The Dominion Mandate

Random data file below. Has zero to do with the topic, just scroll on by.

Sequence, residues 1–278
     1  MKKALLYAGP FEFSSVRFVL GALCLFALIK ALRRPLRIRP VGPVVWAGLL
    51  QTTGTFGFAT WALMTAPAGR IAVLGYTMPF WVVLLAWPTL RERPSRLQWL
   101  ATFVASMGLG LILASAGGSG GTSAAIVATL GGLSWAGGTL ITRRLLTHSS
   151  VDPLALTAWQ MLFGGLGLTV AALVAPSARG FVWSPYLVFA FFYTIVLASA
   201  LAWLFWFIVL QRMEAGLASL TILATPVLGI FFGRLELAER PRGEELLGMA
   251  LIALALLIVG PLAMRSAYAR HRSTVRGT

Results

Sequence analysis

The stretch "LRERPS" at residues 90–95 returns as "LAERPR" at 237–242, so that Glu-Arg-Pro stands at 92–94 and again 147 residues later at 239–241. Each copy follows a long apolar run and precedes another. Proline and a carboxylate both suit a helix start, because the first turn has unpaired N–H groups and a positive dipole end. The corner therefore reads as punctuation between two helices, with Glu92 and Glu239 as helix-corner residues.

Genesis 1:24-31. "The Dominion Mandate" Genesis 1:24-31. 24 And God said, "Let the earth bring forth living creatures according to their kinds-livestock and creeping things and beasts of the earth according to their kinds." And it was so. 25 And God made the beasts of the earth according to their kinds and the livestock according to their kinds, and everything that creeps on the ground according to its kind. And God saw that it was good. 26 Then God said, "Let us make man in our image, after our likeness. And let them have dominion over the fish of the sea and over the birds of the heavens and over the livestock and over all the earth and over every creeping thing that creeps on the earth." 27 So God created man in his own image, in the image of God he created him; male and female he created them. 28 And God blessed them. And God said to them, "Be fruitful and multiply and fill the earth and subdue it, and have dominion over the fish of the sea and over the birds of the heavens and over every living thing that moves on the earth." 29 And God said, "Behold, I have given you every plant yielding seed that is on the face of all the earth, and every tree with seed in its fruit. You shall have them for food. 30 And to every beast of the earth and to every bird of the heavens and to everything that creeps on the earth, everything that has the breath of life, I have given every green plant for food." And it was so. 31 And God saw everything that he had made, and behold, it was very good. And there was evening and there was morning, the sixth day. (ESV) In July 1969, Astronaut Neil Armstrong became the first human to walk on the surface of the moon. When he did so he wrote out and left these words on the lunar surface from Psalm 8:3-4: "When I consider your heavens, the work of your fingers, The moon and stars, which you have ordained, What is man that you are mindful of him, And the son of man that you visit him?. These verses answer our fundamental questions of Who are we? And Where have we come from? As we look at the vast heavens made larger by all that astronomers tell us, what is our place in the universe? The only true and satisfying answer is found in this revelation from God. In Genesis 1:24-31, on the sixth and final day of physical creation, God forms the creatures that are to inhabit the dry land. In this activity: God creates the animal kingdom, which includes livestock, creeping things and wild animals; then, humans are formed. As the final object of God's creation, humanity represents the culmination of creation. Recognizing how precious and valuable people are in the sight of God, we see that they are made in the image of God, male and female, with distinct but complementary roles. As vice-regents of the planet, they are charged to faithfully work. Their stewardship is a divinely commissioned Dominion mandate. God charges His created beings to a specific Dominion Mandate. In Genesis 1:24-31 we see: 1) The Mandate (Genesis 1:24-26), 2) The Mission (Genesis 1:27-28) and finally, 3) The Means (Genesis 1:29-31) God charges His created beings to a specific Dominion Mandate as seen through: 1) The Mandate (Genesis 1:24-26) Genesis 1:24-26. 24 And God said, "Let the earth bring forth living creatures according to their kinds-livestock and creeping things and beasts of the earth according to their kinds." And it was so. 25 And God made the beasts of the earth according to their kinds and the livestock according to their kinds, and everything that creeps on the ground according to its kind. And God saw that it was good. 26 Then God said, "Let us make man in our image, after our likeness. And let them have dominion over the fish of the sea and over the birds of the heavens and over the livestock and over all the earth and over every creeping thing that creeps on the earth." On the third day, 'the earth' sprouted forth vegetation at God's command. Now 'the earth' is to produce land animals from the direct command of God to 'bring forth' (jussive). Apparently, the earth is serving as the secondary cause in the generation of living creatures. These creatures are brought forth according to their kinds. This notation kills the idea of evolution. Animals do not evolve into humans. They reproduce "according to their kinds." Animals produce animals not humans (Butler, J. G. (2008). Analytical Bible Expositor: Genesis (p. 16). LBC Publications.) Here in Genesis 1:24, three categories of animals are listed. The first, "livestock/cattle", (behēmāh), often describes large, four-footed, domesticated animals. Second, the expression 'creeping things' refers to small animals. And third, the term 'beasts of the earth' probably signifies wild animals, in contrast to the domesticated ones previously mentioned. This category would include dinosaurs like Behemoth (Job 40:15ff.). A tripartite classification of the animal kingdom is a common scriptural view (Gen. 7:14; Ps. 148:10). It is important to note that humanity never appears in any of these classifications. Humanity is not part of the animal world. (MacArthur, J. F., Jr. (2006). The MacArthur study Bible: New American Standard Bible. (Ge 1:24). Thomas Nelson Publishers.) * From the earliest descriptions of created creatures on this planet, it must be clearly specified that humans rank above all. We alone are made in God's image with particular worth and value. It is not to say that animals are of no value, but to state that humans are of supreme value on earth. Giving animals equal status therefore is in rebellion to God's view of humanity. There is no greater sign of rebellion of the created realm on this earth than the low view of humanity that is prevalent. Some even see viruses and diseases as cleansing excess population. Likewise, abortion, and euthanasia are seen as a simple choice or a mercy. As 1 Corinthians 6:19-20 states so clearly: 19 Or do you not know that your body is a temple of the Holy Spirit within you, whom you have from God? You are not your own, 20 for you were bought with a price. So, glorify God in your body. (ESV) Genesis 1:25 now repeats verse 24, but with two significant changes. First, so that there would be no confusion, it states that God is the primary source and cause of the creation of the animal kingdom. The 'earth' of verse 24 is merely a secondary agent in the activity. Second, the three categories of the animal kingdom are recapitulated here but in a different sequence. The change of order, or chiasmus, is for the purpose of emphasizing the completion of the creative act. This is further accentuated by the statement: 'And God saw that it was good,' a clause that also reflects the idea of completion. Certainly, we must never worship nature as the pantheists do, but we worship the Creator of the material universe. He called his handiwork "good," and thus it represents his thought-so varied and beautiful and joyous. The God who created all this did it to form an environment for (His creation). And as his children we must understand that it hints at the depth of his care for us.( Hughes, R. K. (2004). Genesis: beginning and blessing (p. 35). Crossway Books.) In verse 26, we now come to the climax of God's creative activity: 'Then God said, "Let us make man". The credal statement in Deuteronomy 6:4 that God is one LORD affirms that there is only one absolute Being, but it does not mean that God is solitary, or a single person. In the plural word for God (Elohim) and the use of the first person plural forms 'us' and 'our', we have the first hint that God's being is much more profound than we imagined and that there is in God a plurality of persons. Other parts of Genesis will confirm this and point us forward to the New Testament's revelation of a Trinity within the unity of the Godhead. The significance of the creative act is brought to our attention in a number of ways. In the first place, this is the final activity of the week. When the jewel in the crown had been formed and put in place God finished His creative work. Secondly, more space is given over to describing the creation of human beings than anything else in the chapter (1:26-30).The creation of humanity here is unique in beginning with a picture of divine thought in process: 'Let us make ...' This plural cohortative with the best explanation of the trinitarian idea or plurality in the Godhead. Possibly the best solution is to understand the statement as a plural of self-deliberation. Here we see that God deliberates with himself. 'Let us make man.' In all previous cases the divine word expressed the divine will: 'God said, "Let there be ..." ', followed by the words of accomplishment: '... and it was so.' This is not the case here. It is as if we are being allowed to peep into God's secret council-chamber and to listen to him making decisions. In the previous acts of creation there was simple command. Now in approaching the pinnacle of creation there is consultation: This draws our attention to 'the dignity of our nature'. There is also reason behind our existence on this earth. That he was consulting with himself and not angels is suggested by the words of the prophet in Isaiah 40:13-14: "Who has directed the Spirit of the LORD, Or as his counsellor has taught him? With whom did he take counsel, and who instructed him ...?. Although the Christian Trinity cannot be derived solely from the use of the plural (since the first audience could not have understood it in the sense of a trinitarian reference) a plurality within the unity of the Godhead may be derived from the passage (Mathews, K. A. (1996). Genesis 1-11:26 (Vol. 1A, pp. 162-163). Broadman & Holman Publishers.) God says that humans are also created 'after/according to our likeness'. The preposition 'after/according to' is helping to explain what it means to be 'in the image of' God. The term "likeness" is an assurance that humanity is an adequate and faithful representative of God on earth. The whole person is the image of God, without distinction of spirit and body. All humanity, without distinction, are the image of God.' Humans are created in the image (Hebrew ṣĕlĕm) of God. The word ṣĕlĕm originally meant 'something cut from an object'-for example, a piece of clay cut from a sculpture. In such a case there exists a concrete resemblance between the object and the image. In the Bible ṣĕlĕm also denotes a statue of himself that a king would erect to serve as a symbol of his sovereignty (e.g., Dan. 3). The fact that ṣĕlĕm is applied to humans at creation indicates that they are God's representatives on earth and have a character and being in keeping with that of the Deity. By virtue of having been created 'in the image of God', humanity receives the status of ruler of the earth under the sovereignty of God. They are given a privileged status over creation. That is why some commentators call the formation of humanity on the sixth day 'the crown of creation'. God's honouring of humanity in this way is distinct from other ancient Near-Eastern accounts of the purpose of the creation of human beings. In Mesopotamia, for example, the gods created humans simply to carry out labour for them. But for Humans created by God, they are living beings capable of embodying God's communicable attributes (cf. 9:6; Ro 8:29; Col 3:10; Jas 3:9). This includes a rational life, with the ability to reason and possessing intellect, will, and emotion. In the moral sense, (before the fall) humanity was created in God's image, like God being good and sinless (MacArthur, J. F., Jr. (2006). The MacArthur study Bible: New American Standard Bible. (Ge 1:26). Thomas Nelson Publishers.). Please turn to Ephesians 4 Being in the image of God is more than just a physical description of creation. It is very much tied to an explanation of what is means to be born again. Sin tarnishes the image of God in humanity. To be born again, means to renew the image and flee all that will tarnish the image. The Apostle Paul explains this distinction in Ephesians 4 Ephesians 4:17-32. 17 Now this I say and testify in the Lord, that you must no longer walk as the Gentiles do, in the futility of their minds. 18 They are darkened in their understanding, alienated from the life of God because of the ignorance that is in them, due to their hardness of heart. 19 They have become callous and have given themselves up to sensuality, greedy to practice every kind of impurity. 20 But that is not the way you learned Christ!- 21 assuming that you have heard about him and were taught in him, as the truth is in Jesus, 22 to put off your old self, which belongs to your former manner of life and is corrupt through deceitful desires, 23 and to be renewed in the spirit of your minds, 24 and to put on the new self, created after the likeness of God in true righteousness and holiness. 25 Therefore, having put away falsehood, let each one of you speak the truth with his neighbor, for we are members one of another. 26 Be angry and do not sin; do not let the sun go down on your anger, 27 and give no opportunity to the devil. 28 Let the thief no longer steal, but rather let him labor, doing honest work with his own hands, so that he may have something to share with anyone in need. 29 Let no corrupting talk come out of your mouths, but only such as is good for building up, as fits the occasion, that it may give grace to those who hear. 30 And do not grieve the Holy Spirit of God, by whom you were sealed for the day of redemption. 31 Let all bitterness and wrath and anger and clamor and slander be put away from you, along with all malice. 32 Be kind to one another, tenderhearted, forgiving one another, as God in Christ forgave you. (ESV) * To Put on the new self (v.24) created after the likeness of God, is reflected in righteousness and holiness. But without purposeful direction in this, even the saints of God begin to talk as the Gentiles do in the futility of their minds. Want the clearest proof of this now, listen to all the covid talk even from the saints of God. It seems like it's all they read about and all they think about and all they want to talk about. Verse 18 is a warning to the saints: without care, even believers can become darkened in their understanding, alienated from the life of God because of the ignorance that is in them, due to their hardness of heart. If, v. 25, if we do not actively put away falsehood, and speak the truth of God with our neighbour, we become angry, hardened, and give an opportunity to the devil. We fail, v. 29 to build one another up in the faith, extend grace, v.31, become bitter, angry, and slander one another. For a believer to have unresolved conflict with another believer, then you have failed v.32 to be kind to one another, tenderhearted, forgiving one another, as God in Christ forgave you. Illustration: During the second world war, bombing campaigns occurred even on major cities. The effect even for the houses still standing, was catastrophic. Picture what happened as a three-story house that was bombed. The bomb had destroyed the top floor entirely, the debris of which had fallen down into the second floor, severely damaging it. The weight of the two ruined floors produced cracks in the walls of the first floor so that it was doomed to collapse eventually. Thus, it was with Adam. His body was the dwelling of the soul, and his spirit was above that. When he fell the spirit was entirely destroyed, the soul ruined, and the body destined to a final collapse. However, the glory of the gospel is seen at precisely this point, for when God saves a person he saves the whole person, beginning with the spirit, continuing with the soul, and finishing with the body. The salvation of the spirit comes first; for God first establishes contact with the one who has rebelled against him. This is regeneration, the new birth. Second, God works with the soul, renewing it after the image of the perfect man, the Lord Jesus Christ. This work is sanctification. Finally, there is the resurrection in which even the body is redeemed from destruction. Moreover, God makes a new creation, for he does not merely patch up the old spirit, soul, and body, as if the collapsing house were just being buttressed and given a new coat of paint. God creates a new spirit that is his own Spirit within the individual. He creates a new soul, known as the new man. At last, he creates a new body. This body is like the resurrection body of the Lord Jesus Christ through whom alone we have this salvation. (Donald Grey Barnhouseas recorded in Boice, J. M. (1998). Genesis: an expositional commentary (pp. 92-93). Baker Books.) God charges His created beings to a specific Dominion Mandate as seen through: 2) The Mission (Genesis 1:27-28) Genesis 1:27-28. 27 So God created man in his own image, in the image of God he created him; male and female he created them. 28 And God blessed them. And God said to them, "Be fruitful and multiply and fill the earth and subdue it, and have dominion over the fish of the sea and over the birds of the heavens and over every living thing that moves on the earth." (ESV) The fulfilment of the command of verse 26 is emphatically driven home here in verse 27. The point of this creation is further emphasized by the appearance of a direct object marker for 'man/mankind'. It is humanity, human beings only that are being formed here. The word 'created' has been used sparingly in this chapter (1:1, 21). In relation to human beings it appears three times in one verse (1:27). Here is something unique and special. Attempts to erase the distinction between male and female are against nature and are an affront to the wisdom of the Creator (Smith, J. E. (1993). The Pentateuch (2nd ed., p. 57). College Press Pub. Co.). * If there is ever a lesson for our age it is that the description here is the creation of humanity with one of two genders or sexes. Gender is not an ideological construct, but a creative act assigned at conception by the creator. People and even official government policy may believe that gender can be changed, but like all other definitions, it can only be properly defined by its creator. The significance of this creative act is also highlighted in the way God refers to himself. Notice how the text moves from the plural, 'in our own image, according to our likeness', in verse 26 to the singular in the verse 27: 'So God created man in his own image; in the image of God he created him' (1:27). Not only does God give us truth about himself when referring to the creation of humans, but this verse teaches that we are, in certain respects, like God. We are not gods, but there is something about us which (God shares qualities of Himself with us in creation). No distinction can be made in this passage between 'image' and 'likeness' (cf. 5:1; 9:6). The two words reinforce one another and convey the truth that, unlike any other earthly creature, man's whole make-up is a reminder of God. 'To be human is to bear the image of God.' While all creation bears witness to the being and glory of God (Ps. 19:1), humanity above everything else expresses God and represents God. We are living proof that God exists (cf. 5:1). The New Testament tells us that the incarnate Son of God, Jesus Christ, is the image of God (Col. 1:15; Heb. 1:3) and some suggest that human beings were created like Christ, a copy of the true image. We find Ephesians 4:24 and Colossians 3:10 referring to God's image in moral and mental terms-righteousness, holiness and knowledge-items lost as a result of the Fall but belonging to the Christian's new nature. Nevertheless, all human beings, even in their fallen, unregenerate state, are still human and bear some resemblance to God, as is shown from Genesis 9:6 and James 3:9. Being created in the image of God, which was perfect in knowledge and righteousness, suffered irreparable destruction in the fall, and is delivered only through Christ's death and resurrection, whereby the image is being progressively transformed in the believer (2 Cor 3:18) until its state of perfection at the resurrection (Rom 8:29; 1 Cor 15:49; Col 3:9-10). Thus "the incarnate Son actualizes the perfection of the manhood which we have sinfully perverted. (P. E. Hughes, The True Image: The Origins and Destiny of Man in Christ (Grand Rapids: Eerdmans, 1989), p.13..) We also see that human kind, male and female, is according to God's likeness: 'God created man in his own image ... male and female he created them.' Political correctness prevents some these days from using the word 'man' as a general term for humanity. The Hebrew word adam is used in precisely the ways we have traditionally used the word 'man'. The primary meaning of adam, or 'man', is 'human being' or 'human race', without differentiating between the sexes. Such usage has nothing to do with sexist language or male domination, as some would have us believe. That God's Word does not encourage male superiority or female inferiority is made clear here. It was not considered necessary to mention gender in the case of the other living creatures, but it is an important element in reference to human beings. 'The man and the woman are images of God separately, and they are also the image of God together.' There is no place in God's good order for unisexuality or for any diminishing or confusion of sexual identity. Human sexuality in Genesis is a blessed function in the creative purposes of God, and it is essential for carrying out God's mandate for humanity (cf. 9:1, 7) (Mathews, K. A. (1996). Genesis 1-11:26 (Vol. 1A, pp. 173-174). Broadman & Holman Publishers.) God's command in verse 28 centres on five plural imperatives. The opening three imperatives, 'Be fruitful and multiply and fill ...', are the same ones used in verse 22 when God commanded the fish. Both humanity and fish are also 'blessed' by God. There are, however, two important distinctions between the two divine injunctions. First, in regard to the first humans, God speaks directly to them-'God said to them'-whereas he spoke only about the fish and not to them. This demonstrates a close personal relationship between God and humanity, which is solidified through the processes of thought and communication. It shows the uniqueness of humanity before the Creator. In God's actions here, to bless is to bestow not only a gift but a function. (cf. 1:22; 2:3 (Kidner, D. (1967). Genesis: An Introduction and Commentary (Vol. 1, p. 56). InterVarsity Press.) Second, the commands to 'subdue' and 'have dominion/rule' are only given to humanity. Only humans have been endowed with the status of royalty in and over the created order. Something of what it means for human beings to be in the image of God is indicated in the words that introduce the command to be fruitful. Though they are similar to the words of verse 22 ('God blessed them, saying ...'), there is this significant addition: 'and God said to them ...' (1:28). God addresses them personally. A personal relationship existed between God and these creatures. The God who already had personal relationships within his own being made humans in such a way that this fellowship might be extended to them. Man is dependent upon God for the blessings of life and sustenance; and man is accountable to God in the areas of service and obedience (Strassner, K. (2009). Opening up Genesis (p. 26). Day One Publications.) Another element in what it means for humans to be in God's likeness is spelled out in the blessing: 'Be fruitful and multiply; and fill the earth and subdue it' (1:28). Humans share part of the blessing with the other animals (1:22). Human kind is male and female and, along with the rest of the living creatures, is able to reproduce. Humanity, however, being in the image of God, has this amazing privilege of bringing into the world other beings who are in the image of God (cf. 5:3; 9:6; James 3:9). If humanity, male and female, is to rule over the creation, it will take both the male and female working together. This is obvious in the need for procreation. If men and women do not procreate, they will not be able to fill the earth and rule over it as God's representative. But humans, both male and female, must cooperate in other ways if they are to be good representatives of God. (Kissling, P. J. (2004-). Genesis (pp. 128-129). College Press Pub. Co.) Further in this mandate is to also 'subdue' which goes with the previous word, 'fill', and suggests taking over and controlling the whole earth. Later in the Pentateuch, 'subdue' is used to describes the subjugation of the land of Canaan (see Num. 32:22). Some in the past have taken these words as 'the colonist's charter'. Such language is frowned on today but it was God's original intention that people should reproduce, spread out and settle in the uninhabited places of the earth instead of remaining overcrowded in one area. "Subdue" does not suggest a wild and unruly condition for the creation because God Himself pronounced it "good." Rather, it speaks of a productive ordering of the earth and its inhabitants to yield its riches and accomplish God's purposes (MacArthur, J. F., Jr. (2006). The MacArthur study Bible: New American Standard Bible. (Ge 1:28). Thomas Nelson Publishers.). Please turn to Psalm 8 The additional element in the blessing, 'have dominion over ...', raises human beings, male and female, to the position of kings. They are supreme over the created order. The command to rule is given twice (1:26, 28), which emphasizes its importance. Human beings are called to be like the heavenly Ruler. They are God's representatives on earth. Such dominion does not mean selfishly exploiting the earth, but it does include caring for, and looking after, it (cf. 2:15). It was a common view in the ancient Near East that the king represented his god on earth and the king was described as bearing the god's image. Here we are taught that not only monarchs but all human beings have kingly functions in that they bear the image of the true God and are his viceroys on earth. This appointment by God gave the human family privilege but also responsibility as "caretakers" (2:15). The Hebrew love for life and the sacredness of all life assumed a linkage between human righteousness and the welfare of the earth (Mathews, K. A. (1996). Genesis 1-11:26 (Vol. 1A, pp. 174-175). Broadman & Holman Publishers.) Psalm 8 comments on the human status at creation and our responsibility: Psalm 8:1-9. TO THE CHOIRMASTER: ACCORDING TO THE GITTITH. A PSALM OF DAVID. 1 O LORD, our Lord, how majestic is your name in all the earth! You have set your glory above the heavens. 2 Out of the mouth of babies and infants, you have established strength because of your foes, to still the enemy and the avenger. 3 When I look at your heavens, the work of your fingers, the moon and the stars, which you have set in place, 4 what is man that you are mindful of him, and the son of man that you care for him? 5 Yet you have made him a little lower than the heavenly beings and crowned him with glory and honor. 6 You have given him dominion over the works of your hands; you have put all things under his feet, 7 all sheep and oxen, and also the beasts of the field, 8 the birds of the heavens, and the fish of the sea, whatever passes along the paths of the seas. 9 O LORD, our Lord, how majestic is your name in all the earth! (ESV) * Psalm 8 relating to Genesis 1 is a directive, which often has been called the 'cultural mandate'. This reflects the idea that being fruitful, multiplying and filling are not merely commands relating to human reproduction. Rather, they apply to all of life, including the socio-economic and spiritual realms, as well as to giving birth. The concepts of 'subduing' and 'ruling' support the interpretation of this verse as a world-and-life directive: that humans are to be overseers of the earthly kingdom. Though sin, Satan and death have endeavoured to frustrate this purpose, Psalm 8 is fulfilled through Christ, the coming of the Son of God into our world. He has stooped to undo the effects of sin and Satan by his atoning death, so that all who belong to Jesus Christ can reign in and with him (Heb. 2:9-10; Rev. 5:10). Illustration: The Naval Officer Matthew Maury served as a U.S. naval officer before suffering an injury which forced his retirement. He was then placed in charge of the Depot of Charts and Instruments of the Hydrographic Office of the Navy from 1841 to 1861. He was a Christian who loved the Word of God. One day, reading Psalm 8, he was struck by an important truth in the 8th verse. There he read that God had given man dominion over "the fowl of the air, and the fish of the sea, and whatsoever passeth through the paths of the seas." He immediately saw the great practical significance of that verse, recognizing that there must be currents of water in the oceans, just like vast rivers, as well as in the atmosphere (Ecclesiastes 1:6). Maury, with confidence in the accuracy of the Bible, determined to discover the paths in the seas and the wind circuits, utilizing the charts and log books he had at his disposal. He did discover and plot many of the wind circuits and currents, such as the great Gulf Current, 40 miles wide and 2,000 feet deep that comes out of the Gulf of Mexico into the Atlantic; the Japanese Current, the California Current, and others. Utilizing this information, the sailing ships of his day plied these currents and wind circuits, reducing by as much as three weeks, the time required to cross some oceans. On a monument erected by the state of Virginia to his memory is found a plaque that reads as follows: "Matthew Fontaine Maury, Pathfinder of the Seas, the genius who first snatched from the oceans and atmosphere the secret of their laws. His inspiration, Holy Writ, Psalm 8:8, Ecclesiastes 1:6." A genius? No. Just a simple Bible-believing Christian who trusted the inerrancy of the Word of God. - (DTG. Our Daily Bread, September 14, 1987). Finally, God charges His created beings to a specific Dominion Mandate as seen through: 3) The Means (Genesis 1:29-31) Genesis 1:29-31. 29 And God said, "Behold, I have given you every plant yielding seed that is on the face of all the earth, and every tree with seed in its fruit. You shall have them for food. 30 And to every beast of the earth and to every bird of the heavens and to everything that creeps on the earth, everything that has the breath of life, I have given every green plant for food." And it was so. 31 And God saw everything that he had made, and behold, it was very good. And there was evening and there was morning, the sixth day. (ESV) God provides nourishment for humanity in verse 29 in the form of vegetables (plant) and trees producing fruits. This act contrasts strongly with the Mesopotamian view of the origin of the universe, according to which man was created in order to supply food for the gods. The Hebrew God is transcendent and in need of no physical sustenance. The granting of food to people is stated in a positive manner. There is no direct prohibition proclaiming what they may not eat. Thus, there is no formal declaration saying that humanity should not eat meat. However, this may be inferred from the text. Humans are granted meat-eating rights only after the Fall in Genesis 9:3. These verses of Genesis are an embarrassment to those who believe that God used evolution to make creatures (the theistic evolutionary view). Nature red in tooth and claw is not the original picture. Also, it is only after the Fall that we hear of man's use of animals for clothing, sacrifice and food (3:21; 4:2-4; 9:3). God here is depicted as the beneficent Provider, who insures food for both man and animal life without fear of competition or threat for survival (cf. 9:2-5) (Mathews, K. A. (1996). Genesis 1-11:26 (Vol. 1A, p. 175). Broadman & Holman Publishers.) Please turn to Isaiah 65 Apparently, we see in verse 30, the animal kingdom is to be herbivorous and not carnivorous. 30 And to every beast of the earth and to every bird of the heavens and to everything that creeps on the earth, everything that has the breath of life, I have given every green plant for food." And it was so. All three of these types of animals are said to have "the breath of life" in them. The Hebrew phrase for this expression is literally translated "a soul of life." This does not mean that animals have "souls" and will therefore be in heaven (Kissling, P. J. (2004-). Genesis (p. 132). College Press Pub. Co.) The prophet Isaiah foresees a new heaven and a new earth existing in perfect harmony to which our Dominion mandate points. In Isaiah 65 God says: Isaiah 65:17-25. 17 "For behold, I create new heavens and a new earth, and the former things shall not be remembered or come into mind. 18 But be glad and rejoice forever in that which I create; for behold, I create Jerusalem to be a joy, and her people to be a gladness. 19 I will rejoice in Jerusalem and be glad in my people; no more shall be heard in it the sound of weeping and the cry of distress. 20 No more shall there be in it an infant who lives but a few days, or an old man who does not fill out his days, for the young man shall die a hundred years old, and the sinner a hundred years old shall be accursed. 21 They shall build houses and inhabit them; they shall plant vineyards and eat their fruit. 22 They shall not build and another inhabit; they shall not plant and another eat; for like the days of a tree shall the days of my people be, and my chosen shall long enjoy the work of their hands. 23 They shall not labor in vain or bear children for calamity, for they shall be the offspring of the blessed of the LORD, and their descendants with them. 24 Before they call I will answer; while they are yet speaking I will hear. 25 The wolf and the lamb shall graze together; the lion shall eat straw like the ox, and dust shall be the serpent's food. They shall not hurt or destroy in all my holy mountain," says the LORD. (ESV) * Ultimate blessing to God's people comes in the consummation (2 Pet. 3:13; Rev. 21:1). The new creation has come in its beginnings already in Christ (2 Cor. 5:17). Things now do wither and fade, yet believers look forward to a new heaven and a new earth existing in perfect harmony to which our Dominion mandate points. The present faithfulness in exercising this dominion mandate is likened to that of a righteous person who is "like a tree planted by streams of water that yields its fruit" (Ps. 1:3). We can do this in confidence knowing that God's redemptive purpose (Gen. 3:15) will succeeded, and as He will subdue the serpent in judgment as He promised. (Crossway Bibles. (2008). The ESV Study Bible (p. 1359-60). Crossway Bibles). Finally, in verse 31, God now surveys 'all' His work-that is, the totality of the physical creation. It is when humanity has been created that we are told of God's profound satisfaction with all that He had made: 'Then God saw everything that he had made, and behold/indeed it was very good' (1:31). This is the seventh occurrence of the word 'good', to which the adverb 'very' is now added. The word translated 'behold/indeed' suggests a degree of excitement and enthusiasm. The term 'Behold ...' (Hebrew hĭnnēh) often serves to call special attention to a declarative statement. And when the word for 'very' (Hebrew meōd) occurs after an adjective it is an absolute superlative. Therefore, the writer is describing God's judgement of His own creation with great emphasis-it is perfect in every detail, even down to the very intricacies of its being. The harmony and perfection of the completed heavens and earth express more adequately the character of their creator than any of the separate components can. (Wenham, G. J. (1987). Genesis 1-15 (Vol. 1, p. 34). Word, Incorporated.) * God doesn't do the best he can and leave us to figure the rest out. He doesn't make mistakes and there is clear intent in what he does. We have no right to either change or eliminate what God has created and pronounced as good. Practices of abortion, euthanasia, outward sex change or a myriad of other aberrations are in direct contravention to God's good creation and sustaining of people. What we find back in Genesis 1:29 in the way in which the numbering of this day is announced is unique among the six days of creation. In the case of days two to five the same formula is used on each occasion-'a second day', a 'third day', etc. For the day when human beings were created the Hebrew uses the definite article, 'the sixth day'. We have now reached the high point of God's creative activity. This slight change also prepares for the final day, which also uses the same phraseology-'the seventh day'. In the introduction to a series of sermons Martin Luther wrote on the creation of the world, he made this observation: "When Moses writes that God created heaven and earth in six days, let his words stand.... If, however, you cannot understand how this could have been done in six days, then give the Holy Spirit the honor of being more learned than you are."(Martin Luther as quoted in Jeske, J. C. (2001). Genesis (2nd ed., p. 28). Northwestern Pub. House.) Format note: Some base commentary from Currid, J. D. (n.d.). A Study Commentary on Genesis: Genesis 1:1-25:18 (Vol. 1, pp. 83-90). Evangelical Press. And Eveson, P. H. (2001). The Book of Origins: Genesis Simply Explained (pp. 39-47). Evangelical Press.) Closing Hymn: "Fairest Lord Jesus" (3 Verses) 075 Benediction And now let all those who rule under the dominion of our Lord, declare His gracious name, With one accord, So that all nations will fear the name of the LORD, until the whole universe bow before Christ as Lord. In His Royal, Sovereign name we Pray. Amen.